The Map as Ghost Story, Love Story and Everything in Between
One of the things I miss most about the pre-smart phone world are the hand-drawn maps friends and family would provide when I needed to get somewhere new. Drawn on the back of napkins or bits of scrap paper (or, in one case, entirely in the margins of a newspaper page), these pictorial directions were also mini-guides to what the people in my life saw in a given neighborhood, or what they thought was important.
Becky Cooper's new book, Mapping Manhattan: A Love (and Sometimes Hate) Story in Maps, tries to recapture a little of that hand-drawn map magic. To begin the project, Cooper handed out an outline of Manhattan to strangers on the street. As she explains:
I distributed them by walking down Broadway and across Houston and by winding through Central Park. I gave them to as wide a variety of New Yorkers as I could find: a psychic on St. Marks, a dreadlocks barber in the East Village, a curator at the Museum of Art and Design.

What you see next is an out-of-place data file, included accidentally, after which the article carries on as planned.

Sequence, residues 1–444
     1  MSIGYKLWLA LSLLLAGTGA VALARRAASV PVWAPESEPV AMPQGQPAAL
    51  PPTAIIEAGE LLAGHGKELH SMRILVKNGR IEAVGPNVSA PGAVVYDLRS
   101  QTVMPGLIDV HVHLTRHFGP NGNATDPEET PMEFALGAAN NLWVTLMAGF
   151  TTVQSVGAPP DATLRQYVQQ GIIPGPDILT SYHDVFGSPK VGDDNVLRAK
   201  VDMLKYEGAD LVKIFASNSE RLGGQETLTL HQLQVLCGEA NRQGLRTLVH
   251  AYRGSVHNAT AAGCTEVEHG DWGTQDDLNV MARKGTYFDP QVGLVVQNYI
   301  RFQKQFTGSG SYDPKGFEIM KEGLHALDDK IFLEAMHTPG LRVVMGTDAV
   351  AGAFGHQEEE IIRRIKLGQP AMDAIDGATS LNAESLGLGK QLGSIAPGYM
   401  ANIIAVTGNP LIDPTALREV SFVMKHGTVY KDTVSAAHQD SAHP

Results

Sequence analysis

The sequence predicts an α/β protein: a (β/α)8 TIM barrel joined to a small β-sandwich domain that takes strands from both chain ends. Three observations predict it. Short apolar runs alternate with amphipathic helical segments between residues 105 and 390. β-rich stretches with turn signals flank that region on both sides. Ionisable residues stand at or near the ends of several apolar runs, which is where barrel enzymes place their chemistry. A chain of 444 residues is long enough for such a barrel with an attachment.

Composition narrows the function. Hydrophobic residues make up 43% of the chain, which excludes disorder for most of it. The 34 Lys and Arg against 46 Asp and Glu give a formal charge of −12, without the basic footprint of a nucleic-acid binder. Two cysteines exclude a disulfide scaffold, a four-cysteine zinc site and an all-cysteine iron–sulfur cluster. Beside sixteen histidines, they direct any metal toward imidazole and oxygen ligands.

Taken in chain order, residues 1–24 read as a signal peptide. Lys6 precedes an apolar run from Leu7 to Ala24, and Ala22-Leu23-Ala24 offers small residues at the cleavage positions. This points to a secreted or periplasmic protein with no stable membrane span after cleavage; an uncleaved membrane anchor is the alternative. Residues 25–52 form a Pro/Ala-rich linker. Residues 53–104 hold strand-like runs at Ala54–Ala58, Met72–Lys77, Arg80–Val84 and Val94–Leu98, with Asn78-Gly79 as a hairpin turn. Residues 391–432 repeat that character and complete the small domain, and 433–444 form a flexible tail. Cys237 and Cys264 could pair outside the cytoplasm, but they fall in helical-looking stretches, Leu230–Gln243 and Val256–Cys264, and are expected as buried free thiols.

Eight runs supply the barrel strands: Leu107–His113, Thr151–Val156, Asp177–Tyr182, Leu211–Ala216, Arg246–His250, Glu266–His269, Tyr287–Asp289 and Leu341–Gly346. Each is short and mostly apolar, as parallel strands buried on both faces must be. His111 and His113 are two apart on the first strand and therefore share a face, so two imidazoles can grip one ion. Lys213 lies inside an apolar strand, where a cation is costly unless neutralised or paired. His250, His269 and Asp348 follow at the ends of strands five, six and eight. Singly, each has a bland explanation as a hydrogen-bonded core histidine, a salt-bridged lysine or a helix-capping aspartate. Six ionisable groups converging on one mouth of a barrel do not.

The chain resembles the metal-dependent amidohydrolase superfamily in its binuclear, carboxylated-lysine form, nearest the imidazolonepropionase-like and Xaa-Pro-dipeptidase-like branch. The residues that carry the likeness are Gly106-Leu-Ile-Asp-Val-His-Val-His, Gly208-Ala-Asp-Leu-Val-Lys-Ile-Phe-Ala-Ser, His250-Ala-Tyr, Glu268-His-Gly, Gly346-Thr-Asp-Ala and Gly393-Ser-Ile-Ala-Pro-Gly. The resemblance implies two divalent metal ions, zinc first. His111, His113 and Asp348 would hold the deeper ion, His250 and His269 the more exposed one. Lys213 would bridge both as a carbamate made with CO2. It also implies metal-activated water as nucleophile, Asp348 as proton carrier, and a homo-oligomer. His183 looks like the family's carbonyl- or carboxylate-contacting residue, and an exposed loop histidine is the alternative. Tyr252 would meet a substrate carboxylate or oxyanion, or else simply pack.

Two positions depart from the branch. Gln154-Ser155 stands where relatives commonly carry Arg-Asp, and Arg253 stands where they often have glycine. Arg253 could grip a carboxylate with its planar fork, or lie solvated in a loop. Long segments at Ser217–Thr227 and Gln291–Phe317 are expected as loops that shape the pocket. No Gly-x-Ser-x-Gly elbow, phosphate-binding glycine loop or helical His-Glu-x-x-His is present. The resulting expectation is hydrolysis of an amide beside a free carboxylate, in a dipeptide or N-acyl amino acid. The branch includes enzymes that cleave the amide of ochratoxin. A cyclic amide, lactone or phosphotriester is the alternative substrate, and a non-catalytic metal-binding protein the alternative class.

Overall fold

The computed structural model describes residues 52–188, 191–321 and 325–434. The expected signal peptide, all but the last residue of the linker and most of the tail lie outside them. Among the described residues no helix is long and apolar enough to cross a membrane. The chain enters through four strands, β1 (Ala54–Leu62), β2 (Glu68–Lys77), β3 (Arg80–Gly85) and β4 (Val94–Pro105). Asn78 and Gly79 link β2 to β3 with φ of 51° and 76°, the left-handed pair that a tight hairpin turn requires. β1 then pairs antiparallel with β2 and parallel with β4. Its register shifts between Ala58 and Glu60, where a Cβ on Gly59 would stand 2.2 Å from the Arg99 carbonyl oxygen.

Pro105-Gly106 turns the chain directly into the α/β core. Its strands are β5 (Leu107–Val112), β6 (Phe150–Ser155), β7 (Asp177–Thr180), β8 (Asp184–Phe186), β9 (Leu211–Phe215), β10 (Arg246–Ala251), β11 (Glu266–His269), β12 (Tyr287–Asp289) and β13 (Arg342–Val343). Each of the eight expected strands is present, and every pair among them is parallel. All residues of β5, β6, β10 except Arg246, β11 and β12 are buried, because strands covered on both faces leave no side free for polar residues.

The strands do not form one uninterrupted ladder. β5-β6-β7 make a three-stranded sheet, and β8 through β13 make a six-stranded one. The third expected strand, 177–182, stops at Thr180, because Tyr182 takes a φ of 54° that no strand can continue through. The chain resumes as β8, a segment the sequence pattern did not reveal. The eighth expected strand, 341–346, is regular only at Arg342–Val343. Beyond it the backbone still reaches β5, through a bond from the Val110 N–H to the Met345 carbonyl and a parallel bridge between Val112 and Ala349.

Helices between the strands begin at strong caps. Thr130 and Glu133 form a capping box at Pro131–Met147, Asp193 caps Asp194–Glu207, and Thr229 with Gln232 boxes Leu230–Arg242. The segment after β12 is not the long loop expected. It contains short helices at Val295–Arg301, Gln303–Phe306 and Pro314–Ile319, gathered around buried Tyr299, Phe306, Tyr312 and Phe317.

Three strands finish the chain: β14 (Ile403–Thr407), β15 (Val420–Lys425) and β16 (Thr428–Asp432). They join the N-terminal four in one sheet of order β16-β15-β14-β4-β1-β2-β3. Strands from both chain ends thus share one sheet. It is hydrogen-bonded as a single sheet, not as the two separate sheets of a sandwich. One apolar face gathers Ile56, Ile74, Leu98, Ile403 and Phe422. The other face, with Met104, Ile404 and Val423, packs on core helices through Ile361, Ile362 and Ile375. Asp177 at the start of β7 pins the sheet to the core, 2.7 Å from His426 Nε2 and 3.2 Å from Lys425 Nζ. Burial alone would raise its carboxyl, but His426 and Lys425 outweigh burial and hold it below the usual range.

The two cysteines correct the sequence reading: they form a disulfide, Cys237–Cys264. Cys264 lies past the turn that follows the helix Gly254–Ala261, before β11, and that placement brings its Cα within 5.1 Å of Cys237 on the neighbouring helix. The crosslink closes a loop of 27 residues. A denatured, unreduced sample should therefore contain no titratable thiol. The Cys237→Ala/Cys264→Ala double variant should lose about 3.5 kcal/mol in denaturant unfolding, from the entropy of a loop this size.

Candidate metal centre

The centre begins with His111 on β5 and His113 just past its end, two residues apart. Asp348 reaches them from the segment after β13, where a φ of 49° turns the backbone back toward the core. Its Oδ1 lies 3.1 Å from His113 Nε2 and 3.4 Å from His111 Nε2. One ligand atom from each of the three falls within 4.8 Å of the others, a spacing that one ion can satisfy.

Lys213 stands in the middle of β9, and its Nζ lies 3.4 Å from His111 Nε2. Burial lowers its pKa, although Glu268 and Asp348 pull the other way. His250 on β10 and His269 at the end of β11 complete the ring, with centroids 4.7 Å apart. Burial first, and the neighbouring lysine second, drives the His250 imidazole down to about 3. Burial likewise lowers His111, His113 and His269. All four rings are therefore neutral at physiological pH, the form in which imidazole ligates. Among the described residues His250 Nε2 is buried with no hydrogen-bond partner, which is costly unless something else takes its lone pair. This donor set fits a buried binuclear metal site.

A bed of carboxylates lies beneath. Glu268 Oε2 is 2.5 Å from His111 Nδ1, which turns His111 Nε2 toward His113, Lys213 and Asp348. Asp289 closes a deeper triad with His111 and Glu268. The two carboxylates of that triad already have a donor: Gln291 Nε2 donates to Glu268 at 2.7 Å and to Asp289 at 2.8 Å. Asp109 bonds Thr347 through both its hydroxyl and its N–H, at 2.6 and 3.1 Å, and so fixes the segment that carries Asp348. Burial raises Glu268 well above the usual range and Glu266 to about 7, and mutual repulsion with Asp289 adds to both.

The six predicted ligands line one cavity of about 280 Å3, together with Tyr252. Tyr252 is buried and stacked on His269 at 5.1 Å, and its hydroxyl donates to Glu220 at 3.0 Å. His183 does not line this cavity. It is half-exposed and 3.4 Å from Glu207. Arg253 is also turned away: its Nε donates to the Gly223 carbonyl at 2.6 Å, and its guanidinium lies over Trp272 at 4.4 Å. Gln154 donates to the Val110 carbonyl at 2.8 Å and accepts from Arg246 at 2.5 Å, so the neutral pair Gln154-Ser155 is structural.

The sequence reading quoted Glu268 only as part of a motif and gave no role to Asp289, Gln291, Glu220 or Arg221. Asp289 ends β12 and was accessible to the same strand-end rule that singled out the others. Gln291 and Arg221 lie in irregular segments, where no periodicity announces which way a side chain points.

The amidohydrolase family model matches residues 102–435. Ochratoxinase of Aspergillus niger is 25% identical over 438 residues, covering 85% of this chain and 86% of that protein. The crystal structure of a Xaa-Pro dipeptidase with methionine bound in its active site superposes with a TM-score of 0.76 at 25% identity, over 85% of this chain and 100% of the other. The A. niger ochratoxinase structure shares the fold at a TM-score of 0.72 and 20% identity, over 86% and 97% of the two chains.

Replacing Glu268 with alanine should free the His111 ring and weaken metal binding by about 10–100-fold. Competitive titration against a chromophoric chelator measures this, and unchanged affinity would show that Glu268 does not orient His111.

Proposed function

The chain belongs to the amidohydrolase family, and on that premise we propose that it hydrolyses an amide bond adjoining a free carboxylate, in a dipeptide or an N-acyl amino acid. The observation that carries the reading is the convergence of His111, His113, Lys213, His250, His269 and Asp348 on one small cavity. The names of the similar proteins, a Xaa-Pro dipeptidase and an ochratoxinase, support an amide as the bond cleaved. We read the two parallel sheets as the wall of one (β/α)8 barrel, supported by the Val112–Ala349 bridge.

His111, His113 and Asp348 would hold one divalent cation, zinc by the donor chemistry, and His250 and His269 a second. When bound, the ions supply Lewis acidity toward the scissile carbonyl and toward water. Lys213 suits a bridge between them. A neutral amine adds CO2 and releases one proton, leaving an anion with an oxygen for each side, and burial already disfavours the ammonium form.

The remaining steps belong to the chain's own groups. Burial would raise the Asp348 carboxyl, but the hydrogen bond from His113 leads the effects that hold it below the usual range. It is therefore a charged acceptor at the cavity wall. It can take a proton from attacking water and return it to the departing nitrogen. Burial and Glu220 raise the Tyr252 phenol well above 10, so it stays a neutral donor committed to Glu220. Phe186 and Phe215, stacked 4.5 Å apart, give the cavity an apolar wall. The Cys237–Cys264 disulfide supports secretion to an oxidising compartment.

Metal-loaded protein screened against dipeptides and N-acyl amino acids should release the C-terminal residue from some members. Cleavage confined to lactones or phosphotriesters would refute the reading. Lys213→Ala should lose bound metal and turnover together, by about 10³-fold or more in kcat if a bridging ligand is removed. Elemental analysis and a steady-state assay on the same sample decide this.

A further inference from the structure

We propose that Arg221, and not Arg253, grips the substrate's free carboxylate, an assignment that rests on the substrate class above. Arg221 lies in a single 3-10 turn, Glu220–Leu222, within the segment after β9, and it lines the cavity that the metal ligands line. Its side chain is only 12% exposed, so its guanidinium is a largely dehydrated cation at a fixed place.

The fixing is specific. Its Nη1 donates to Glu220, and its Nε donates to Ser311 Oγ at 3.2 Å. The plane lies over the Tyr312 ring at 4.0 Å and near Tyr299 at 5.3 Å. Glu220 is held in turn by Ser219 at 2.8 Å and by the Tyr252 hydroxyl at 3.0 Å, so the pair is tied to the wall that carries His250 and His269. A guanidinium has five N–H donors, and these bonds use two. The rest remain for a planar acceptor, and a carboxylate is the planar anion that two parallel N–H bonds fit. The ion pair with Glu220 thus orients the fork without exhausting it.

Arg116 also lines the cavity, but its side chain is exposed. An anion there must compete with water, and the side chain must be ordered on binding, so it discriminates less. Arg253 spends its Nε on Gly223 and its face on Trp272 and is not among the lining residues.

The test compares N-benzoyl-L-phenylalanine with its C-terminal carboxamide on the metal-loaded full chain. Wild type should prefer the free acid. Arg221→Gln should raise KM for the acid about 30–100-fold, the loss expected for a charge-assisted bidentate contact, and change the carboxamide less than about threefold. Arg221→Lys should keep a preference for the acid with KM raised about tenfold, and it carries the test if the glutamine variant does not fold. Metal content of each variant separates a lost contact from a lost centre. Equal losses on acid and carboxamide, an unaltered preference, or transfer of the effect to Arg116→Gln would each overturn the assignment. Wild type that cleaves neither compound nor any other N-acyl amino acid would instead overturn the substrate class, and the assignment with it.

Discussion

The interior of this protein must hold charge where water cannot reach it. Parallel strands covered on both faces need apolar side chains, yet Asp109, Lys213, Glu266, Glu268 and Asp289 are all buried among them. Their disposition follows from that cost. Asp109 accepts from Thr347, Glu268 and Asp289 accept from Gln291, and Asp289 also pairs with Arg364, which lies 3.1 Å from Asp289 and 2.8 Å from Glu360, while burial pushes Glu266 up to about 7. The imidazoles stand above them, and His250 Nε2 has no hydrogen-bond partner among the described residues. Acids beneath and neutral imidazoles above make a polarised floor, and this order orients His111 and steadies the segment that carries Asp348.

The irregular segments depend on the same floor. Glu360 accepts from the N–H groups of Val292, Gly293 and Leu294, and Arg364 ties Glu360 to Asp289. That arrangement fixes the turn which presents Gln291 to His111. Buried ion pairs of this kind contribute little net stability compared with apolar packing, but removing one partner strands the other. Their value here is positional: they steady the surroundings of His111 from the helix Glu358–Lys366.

She then asked the people who stopped to fill them in as they saw fit. The spots on the maps range from actual attractions (the MOMA and Metropolitan Museum of Art feature prominently); to personal favorites (best restaurants, best book stores) to the more intimate (secret spots, spaces where people fell in or out of love.)
As Cooper explains it in the book, it's a fundamentally autobiographical project, though each participant interpreted the assignment differently.
Some map-makers color coded the entirety of Manhattan ("places I don't visit" in pink; "places I always visit." green; orange for "parts of the city the map-maker has never seen.") Another labeled all the places she's ever lost a glove. One map plots out personal landmarks like "first indelible kiss", "stranger hit by car in my arms", "a spot where a future love may live" and my favorite dot, labeled simply "nothing happened here."
A handful of participants chose to fill the space with a mantra. My favorites: "If you can make the city work for you, you'll thrive, otherwise it'll eat you alive" and "In New York, people think we are rude. We just have monster ambitions."
At its heart, Cooper's project shows us just how much of our memory is wrapped up in a place. As New Yorker reporter Adam Gopnik writes in the forward:
Maps and memories are bound together, a little as songs and love affairs are ... we go to live somewhere, and when we see a schematic representation of it, and superimposing our memories upon it, we find that it becomes particularly...alive.
These maps, as he says, are nothing short of street haiku.